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I Just Want to Program! Don't Make Me Learn Math!

By DanLM ·

Now, I have just read this article on the Orielly web site. And I have to say, I disagree. And for several reasons.

As my post to the article states, in the business world Math is a requirement. Everything from knowing various accounting principles(its math) to being able to understand the equations of some statistical requirement(insurance). Continuing this further, when working for a workers compensation state agency. We calculated the amount we would pay on any medical procedures based on a percentage of Medicare with this figure being worked off the last years percentage if I remember correctly.

In my experience, if you could not understand various equations. You could not fulfill the requirements of the task. This does not take into account where a person may come out of school and go into various other programming backgrounds(science, graphical).

I don't understand how math should not be a requirement. A schools job is to broadly prepare you for as many possible work environment as possible. If they do not provide a math background to your education, they severely limit your possibilities in what backgrounds you may want to choose.

Edited to add: If you read any of georges columns, you will notice he does statistics constantly on the various hardware/software that he tests. I don't know how reliant it is anymore, but I use to read application dumps when being on call at 3am. Not being able to convert hex to decimal and vice versa would have been an issue. I have also seen db admins use math to find the position of a record within a database when their was integrity problems. How can a Computer science major not have a math background>


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resource allocation

by Absolutely In reply to That's an interesting sup ...

Writing an app well means considering the resources available to it, and using them wisely. Fluency in mathematics will help, even if it isn't Absolutely Necessary.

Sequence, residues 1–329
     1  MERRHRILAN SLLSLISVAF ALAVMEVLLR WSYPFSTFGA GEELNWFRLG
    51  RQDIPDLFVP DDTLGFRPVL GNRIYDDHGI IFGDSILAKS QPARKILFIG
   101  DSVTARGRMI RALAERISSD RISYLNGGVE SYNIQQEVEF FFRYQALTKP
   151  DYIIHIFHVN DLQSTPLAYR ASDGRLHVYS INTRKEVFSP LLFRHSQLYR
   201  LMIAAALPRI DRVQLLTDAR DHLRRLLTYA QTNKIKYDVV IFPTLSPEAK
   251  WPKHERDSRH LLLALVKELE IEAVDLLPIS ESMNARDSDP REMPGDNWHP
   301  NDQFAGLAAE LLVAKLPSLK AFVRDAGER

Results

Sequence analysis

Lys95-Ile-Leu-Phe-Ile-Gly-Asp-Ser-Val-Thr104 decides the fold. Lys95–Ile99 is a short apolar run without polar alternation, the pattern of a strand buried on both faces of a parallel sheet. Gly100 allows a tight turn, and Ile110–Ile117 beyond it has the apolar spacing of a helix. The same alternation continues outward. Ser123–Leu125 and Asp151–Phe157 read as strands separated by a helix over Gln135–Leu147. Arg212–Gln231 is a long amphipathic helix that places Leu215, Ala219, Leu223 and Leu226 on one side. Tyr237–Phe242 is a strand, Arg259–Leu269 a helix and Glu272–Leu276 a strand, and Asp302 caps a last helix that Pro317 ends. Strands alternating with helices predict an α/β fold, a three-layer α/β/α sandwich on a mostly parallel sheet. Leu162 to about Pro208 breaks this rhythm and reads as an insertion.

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Analysis In Software Development is not based on Mathematics

by Wayne M. In reply to Higher level math makes y ...

There are at least two types of analysis performed in software development, requirements analysis and program analysis. Neither is based on the type of analysis done in mathematics.

Requirements analysis is based on language, oral and written. It involves understanding of various shades of meaning, identifying and resolving apparent and real contradictions, determining rules and exceptions, and dealing with almost infinite variations. This type of analysis is better learned in a Literature course analyzing written works than in a mathematics course deriving equations and proofs.

Program analysis is even less clear cut. Here we use subjective concepts like cohesion, coupling, readability, testability, complexity, and bigness. For every problem there is almost an infinite amount of solutions and an even higher amount of dead ends. We try to eliminate the dead ends and argue endless over the nuances of "better" solutions. Where is the mathematics in determining which classes to create? Whether to use comments? To use a stored procedure or application code? I would love to have a proof to give the right answer, in practice I have to be satisfied with an answer that is accepted without physical violence or bloodshed.

In a branch of mathematics, one works in a closed world based on a set defined beliefs (axioms). Except for the extremely small few who create a new branch, mathematics involves the study and application of that branch's axioms. Software development works in the world of human people and underlying, universal truths do not exist. It is a world of many right answers, each true and each false in a different way.

I respect mathematics and I respect software development, and I understand they are largely independent.

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Au contraire

by deepsand In reply to Analysis In Software Deve ...

In my nearly 50 years of experience in this regards, I have found that it is not uncommon for mathematics to be used for analyzing both the problem and its possible solutions, not to mention the implementation of a chosen solution.

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Mathematical models can be very useful

by Tony Hopkinson In reply to [i]Au contraire[/i]

Their real value is they by their nature they remove a lot of extraneous detail, so you don't get someone whining about a spelling mistake, of choice of font, and missing the fact that they omitted a bit of the spec.